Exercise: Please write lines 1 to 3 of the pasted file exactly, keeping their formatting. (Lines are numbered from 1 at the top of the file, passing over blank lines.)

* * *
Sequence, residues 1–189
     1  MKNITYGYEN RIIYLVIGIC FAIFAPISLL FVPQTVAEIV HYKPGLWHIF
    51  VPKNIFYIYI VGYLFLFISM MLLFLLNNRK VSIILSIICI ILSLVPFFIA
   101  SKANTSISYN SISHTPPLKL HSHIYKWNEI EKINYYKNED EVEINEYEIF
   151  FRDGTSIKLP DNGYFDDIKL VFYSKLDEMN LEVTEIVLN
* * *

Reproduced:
Sequence, residues 1–189
     1  MKNITYGYEN RIIYLVIGIC FAIFAPISLL FVPQTVAEIV HYKPGLWHIF
    51  VPKNIFYIYI VGYLFLFISM MLLFLLNNRK VSIILSIICI ILSLVPFFIA